If that's to everybody's satisfaction, we can get back to the meeting and get back to our witnesses.
The department has not completed an assessment as outlined by the particular member, but I would indicate that the nature of developing the battery components for EVs is that there are multiple steps and multiple elements that are built in many parts of different countries.
If you think about the components, they come from Canada, from the United States, from Europe, from China; they come from many places. I am not quite sure that I can answer the question in the way that it's framed and posed, because it's not necessarily the way we examine these particular issues, but I certainly understand the nature of where the interest is.
Looking at the process by which activities such as making batteries or other industrial activities are done, they are regulated from within the Canadian regulatory context. Any industrial activity or facility in the country is regulated for the emissions it produces and the kinds of activities it does. It depends on the nature of what it is and where it's located.
I'm not sure that fully responds, but I have tried my best to answer the question.
I'd also like to thank the witnesses for their patience today with the unfortunate vote we had in the House and our committee business. I'm deeply sorry for this. You know, although it has been almost a year, it feels as though it has been decades since pretty much our whole committee was at PDAC in Toronto last year, so it's great to see some familiar faces.
I'm really excited to get started with the study today. It comes at a really important time, because the world economy is transforming in many ways, and there's going to be a huge need for critical minerals to support this transition, and also, countries like China are using their dominance in the market of critical minerals to, for instance, hobble the U.S. defence industry or threaten to do that. As countries are seeking to diversify their sourcing of minerals, I think that presents a great opportunity for Canada, but it is going to be a very competitive environment in which to do that.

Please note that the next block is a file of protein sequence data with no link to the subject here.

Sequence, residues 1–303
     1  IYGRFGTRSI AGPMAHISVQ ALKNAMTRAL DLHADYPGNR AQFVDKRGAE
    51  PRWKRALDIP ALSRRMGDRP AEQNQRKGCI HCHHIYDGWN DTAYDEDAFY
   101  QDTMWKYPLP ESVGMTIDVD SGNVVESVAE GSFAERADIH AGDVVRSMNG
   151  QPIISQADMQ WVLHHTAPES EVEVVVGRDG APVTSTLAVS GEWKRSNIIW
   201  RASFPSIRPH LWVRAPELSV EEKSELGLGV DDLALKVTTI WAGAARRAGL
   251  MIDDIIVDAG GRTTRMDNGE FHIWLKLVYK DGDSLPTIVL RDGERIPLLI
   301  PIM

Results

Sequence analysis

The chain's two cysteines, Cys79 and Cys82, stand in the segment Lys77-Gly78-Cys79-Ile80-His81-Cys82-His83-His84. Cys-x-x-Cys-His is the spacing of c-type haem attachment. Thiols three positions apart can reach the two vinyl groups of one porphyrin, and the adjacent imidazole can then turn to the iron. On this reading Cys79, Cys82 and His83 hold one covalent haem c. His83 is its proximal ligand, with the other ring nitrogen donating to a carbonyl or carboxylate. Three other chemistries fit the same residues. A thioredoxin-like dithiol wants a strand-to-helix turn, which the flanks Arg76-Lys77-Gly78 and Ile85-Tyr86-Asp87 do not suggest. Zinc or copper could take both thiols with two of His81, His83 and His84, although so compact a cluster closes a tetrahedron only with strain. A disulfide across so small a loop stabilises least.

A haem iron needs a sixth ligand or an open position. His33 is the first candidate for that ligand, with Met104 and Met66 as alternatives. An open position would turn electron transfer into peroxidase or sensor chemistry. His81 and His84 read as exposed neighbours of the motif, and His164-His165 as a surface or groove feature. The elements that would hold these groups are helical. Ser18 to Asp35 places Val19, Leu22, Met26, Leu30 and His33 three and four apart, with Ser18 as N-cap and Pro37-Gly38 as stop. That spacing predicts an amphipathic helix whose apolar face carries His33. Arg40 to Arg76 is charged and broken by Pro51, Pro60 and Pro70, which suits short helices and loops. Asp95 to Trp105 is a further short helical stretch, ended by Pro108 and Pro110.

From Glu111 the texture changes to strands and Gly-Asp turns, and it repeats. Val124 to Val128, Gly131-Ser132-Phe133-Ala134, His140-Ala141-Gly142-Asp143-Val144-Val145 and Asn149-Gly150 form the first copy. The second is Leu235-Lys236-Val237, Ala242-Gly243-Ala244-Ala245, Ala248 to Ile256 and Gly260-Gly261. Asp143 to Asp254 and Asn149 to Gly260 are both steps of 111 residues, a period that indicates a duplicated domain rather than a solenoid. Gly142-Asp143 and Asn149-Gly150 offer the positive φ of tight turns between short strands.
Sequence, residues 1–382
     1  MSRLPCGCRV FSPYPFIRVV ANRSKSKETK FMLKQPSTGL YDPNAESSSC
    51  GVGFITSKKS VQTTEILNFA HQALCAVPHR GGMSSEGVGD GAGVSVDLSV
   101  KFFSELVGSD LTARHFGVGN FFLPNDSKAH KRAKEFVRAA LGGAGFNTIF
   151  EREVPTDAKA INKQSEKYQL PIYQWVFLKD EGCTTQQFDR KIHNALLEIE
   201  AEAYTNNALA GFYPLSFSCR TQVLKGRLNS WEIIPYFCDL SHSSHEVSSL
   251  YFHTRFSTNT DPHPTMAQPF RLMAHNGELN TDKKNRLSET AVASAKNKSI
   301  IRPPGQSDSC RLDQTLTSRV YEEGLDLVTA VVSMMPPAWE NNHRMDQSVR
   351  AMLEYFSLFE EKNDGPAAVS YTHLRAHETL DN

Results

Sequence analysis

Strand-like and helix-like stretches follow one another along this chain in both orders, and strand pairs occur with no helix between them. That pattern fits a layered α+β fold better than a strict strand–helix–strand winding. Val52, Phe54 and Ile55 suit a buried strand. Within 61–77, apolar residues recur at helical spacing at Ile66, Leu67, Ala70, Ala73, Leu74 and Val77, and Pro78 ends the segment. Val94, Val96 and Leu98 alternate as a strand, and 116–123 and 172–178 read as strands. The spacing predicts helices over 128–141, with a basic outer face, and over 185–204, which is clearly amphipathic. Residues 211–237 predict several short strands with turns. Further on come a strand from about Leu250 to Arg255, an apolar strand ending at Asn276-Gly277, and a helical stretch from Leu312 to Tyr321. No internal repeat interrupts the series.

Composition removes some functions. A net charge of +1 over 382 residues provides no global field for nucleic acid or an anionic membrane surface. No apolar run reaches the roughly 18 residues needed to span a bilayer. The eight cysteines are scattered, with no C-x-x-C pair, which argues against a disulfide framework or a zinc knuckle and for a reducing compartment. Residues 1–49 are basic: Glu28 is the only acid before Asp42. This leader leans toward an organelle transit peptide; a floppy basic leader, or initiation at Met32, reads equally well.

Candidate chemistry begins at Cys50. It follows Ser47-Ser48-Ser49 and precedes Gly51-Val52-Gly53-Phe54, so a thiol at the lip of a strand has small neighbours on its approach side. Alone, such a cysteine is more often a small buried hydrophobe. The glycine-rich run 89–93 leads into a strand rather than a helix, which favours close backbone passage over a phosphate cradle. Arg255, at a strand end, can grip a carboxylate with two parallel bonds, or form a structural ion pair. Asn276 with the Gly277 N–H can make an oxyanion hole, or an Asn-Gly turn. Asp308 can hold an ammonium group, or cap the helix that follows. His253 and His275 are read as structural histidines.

My first question is for the Mining Association of Canada. What do you see Canada's competitive advantage being in the critical mineral space?
Well, we have a few obvious ones, and they were, I think, highlighted in my remarks but also in those by NRCan. I think one of our advantages is as leaders in environmental, social and governance issues. When I've been to Europe, back when I was able to go to Europe, and have met with industries there, I have been told that their preference is to source from Canada because they know they can rely on the quality and the rigour of our mining practices. They would rather not have to source from the Congo, for example, or from China, if they can get it from Canada, so that is certainly one advantage.
In many parts of the country, we have an abundance of hydro power, and with your grid connected, you're producing metals that have some of the lowest GHG intensity in the world. Nickel, for example, mined in Sudbury, is some of the lowest-GHG-intensity nickel in the world.
We have, obviously, one of the safest mining industries on the planet. I participate in meetings of the International Council on Mining and Metals. Safety is very important to our industry's culture. They regularly put up annual statistics on fatalities in the mining sector around the world, and Canada never appears on their chart. We just don't rank, which is a good thing. You don't want to be on that list.
We have a highly skilled labour force. We're a very high-tech industry. We're advancing in areas like automation. We're advancing in areas like electrification. So we have many, many advantages, but we also need to be conscious of our challenges, and I flagged one of the really important ones.
Currently some of our metals do come from off-grid mines, and carbon pricing is going to be a challenge for those operations unless we can support those facilities. Specifically, mines like Voisey's Bay in Labrador or the Glencore mine in northern Quebec are off-grid, and yet they are two of the world's most important high-grade nickel mines on the planet, and huge assets for Canada. They also have cobalt as by-products. So we need to think about this. We can't just take it for granted.
The last point I'd make is that, as we all know and as Jeff mentioned in his remarks, this is a vast country and we have everything the world needs. We're not necessarily exploiting it, but we certainly have it. If we can get to it and create the right conditions, we could be in a very, very strong place going forward.
I don't know if my colleague Brendan Marshall might want to add to that, or if, Mr. Chair, that's enough from me and from us.
I would like to ask Mr. Gratton and Mr. London a question. I hope that they can hear me clearly on the interpretation channel. Any time Quebec's mining sector is mentioned, what comes to everyone's mind is the iron ore mines from which the Duplessis government was sending Quebec's iron to the United States for a penny a ton. That's our history, and perhaps the shock and the trauma in Quebec lives on when the mining industry is mentioned.